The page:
Ogoni: Assisting in the Clean-Up of Ogoniland
While the 2011 UNEP report estimated that approximately $1.04 billion is needed to effectively clean up the devastated areas in Ogoniland. The government of Nigeria will provide $10 million to launch the clean-up.
Below is an article published by The Tide:
Stakeholders have urged the Ogonis to unite and join hands together with the Federal Government towards the successful implementation of United Nations Environment Programme (UNEP) Report on the cleanup of polluted sites in Ogoniland.
This was part of a resolution reached at the end of a workshop on building community resilience towards the implementation of the United Nations Environment Programme (UNEP) Report in Bori, Khana Local Government Area.
The Workshop was organised by Health of Mother Earth Foundation (HOMEF) in collaboration with Kebetkache women Development Centre and D.S.F.
Executive Director of HOMEF Rev. Nimmo Bassey said that the workshop was to ensure that, representatives of Ogoni communities work together to support the cleanup programme.
He said that as critical stakeholders the success and failure of the cleanup process will depend on them.
“Although ten million dollars has been approved, but there is a great question of seriousness and commitment. The workshop is to help them understand that the process is about life.
“Right now the water is polluted, so the whole thing is a lifeline that has been thrown at the people” he said.
Rev. Bassey said that the event was not meant to question the UNEP Report itself, “but we will interrogate our readiness to engage with the process and institutions being set up to bring our answers into effect.
“First we will assure ourselves that the implementation of the UNEP Report is a lifeline that must be unreservedly grabbed.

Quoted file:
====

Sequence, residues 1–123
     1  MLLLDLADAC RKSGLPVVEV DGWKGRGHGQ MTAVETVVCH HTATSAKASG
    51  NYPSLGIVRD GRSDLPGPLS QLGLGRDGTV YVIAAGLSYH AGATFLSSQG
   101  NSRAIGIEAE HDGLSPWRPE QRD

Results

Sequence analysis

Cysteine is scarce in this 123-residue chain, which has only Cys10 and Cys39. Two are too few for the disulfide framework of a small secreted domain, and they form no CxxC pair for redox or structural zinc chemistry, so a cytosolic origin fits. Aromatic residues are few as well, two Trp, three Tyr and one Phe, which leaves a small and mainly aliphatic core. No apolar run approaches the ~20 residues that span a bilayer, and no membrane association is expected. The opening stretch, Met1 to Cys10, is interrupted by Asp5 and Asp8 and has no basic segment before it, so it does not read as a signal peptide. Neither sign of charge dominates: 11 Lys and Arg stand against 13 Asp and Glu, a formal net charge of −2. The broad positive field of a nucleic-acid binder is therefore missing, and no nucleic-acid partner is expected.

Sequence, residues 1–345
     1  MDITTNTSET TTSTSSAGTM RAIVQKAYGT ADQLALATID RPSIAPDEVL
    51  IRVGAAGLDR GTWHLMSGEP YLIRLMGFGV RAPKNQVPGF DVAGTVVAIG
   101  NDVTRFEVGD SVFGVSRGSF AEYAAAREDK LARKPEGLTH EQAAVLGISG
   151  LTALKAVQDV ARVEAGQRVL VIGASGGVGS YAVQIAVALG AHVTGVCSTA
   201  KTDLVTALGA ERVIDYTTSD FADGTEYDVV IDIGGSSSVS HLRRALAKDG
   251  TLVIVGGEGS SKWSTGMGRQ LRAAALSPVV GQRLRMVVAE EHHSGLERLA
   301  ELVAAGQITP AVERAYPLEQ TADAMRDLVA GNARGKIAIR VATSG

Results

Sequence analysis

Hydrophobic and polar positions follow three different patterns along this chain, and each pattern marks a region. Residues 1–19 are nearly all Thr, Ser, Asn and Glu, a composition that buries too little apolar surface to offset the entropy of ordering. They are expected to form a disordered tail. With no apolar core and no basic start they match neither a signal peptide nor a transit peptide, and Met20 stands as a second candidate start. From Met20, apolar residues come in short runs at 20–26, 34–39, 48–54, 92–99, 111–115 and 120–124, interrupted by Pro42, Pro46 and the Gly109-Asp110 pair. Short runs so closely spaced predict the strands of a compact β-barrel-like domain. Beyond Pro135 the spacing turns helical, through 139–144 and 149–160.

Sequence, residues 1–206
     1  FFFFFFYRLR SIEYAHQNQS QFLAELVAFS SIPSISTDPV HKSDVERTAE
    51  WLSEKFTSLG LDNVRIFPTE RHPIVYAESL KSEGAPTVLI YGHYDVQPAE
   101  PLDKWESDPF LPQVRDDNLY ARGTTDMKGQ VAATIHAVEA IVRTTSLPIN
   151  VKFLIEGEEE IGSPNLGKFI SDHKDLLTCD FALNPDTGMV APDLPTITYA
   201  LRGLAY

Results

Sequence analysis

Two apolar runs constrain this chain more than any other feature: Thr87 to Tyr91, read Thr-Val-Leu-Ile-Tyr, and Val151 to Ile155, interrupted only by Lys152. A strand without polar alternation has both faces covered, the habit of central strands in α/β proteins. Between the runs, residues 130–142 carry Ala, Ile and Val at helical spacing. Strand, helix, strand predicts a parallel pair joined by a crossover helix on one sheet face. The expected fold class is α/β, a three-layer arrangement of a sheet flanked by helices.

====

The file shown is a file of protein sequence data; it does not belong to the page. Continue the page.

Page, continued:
“Anything to slow or abort the process should be seen as an attempt to keep the people trapped in the death-grip of hydrocarbon pollution” he said. The Environmentalist also called for the involvement of women in the implementation process, as they are the most vulnerable group as far as pollution is concerned.
According to him, “A successful cleanup of the Ogoni environment will attest to the fact that the struggle for a clean environment is not a criminal desire, but a necessary, one that we must all demand and contribute to.
“This workshop is the first step to preparing us all to be a part of the answer to the questions that have persisted for too long.
“It is one step on the long road to stem the tide of the pollutions that have yielded one of the most toxic environments in the world”. Speaking on the topic: UNEP Report: a vital life Dr Fidelis Allen of the centre for ethnic conflict and Gender Studies, University of Port Harcourt said that, the exclusion of communities from participation in the implementation process must be resisted with superior engagement.
According to Dr Allen Environmental justice will be served with mass participation by communities in the overall implementation process of the report.
Photo courtesy of Stakeholder Democracy@Flickr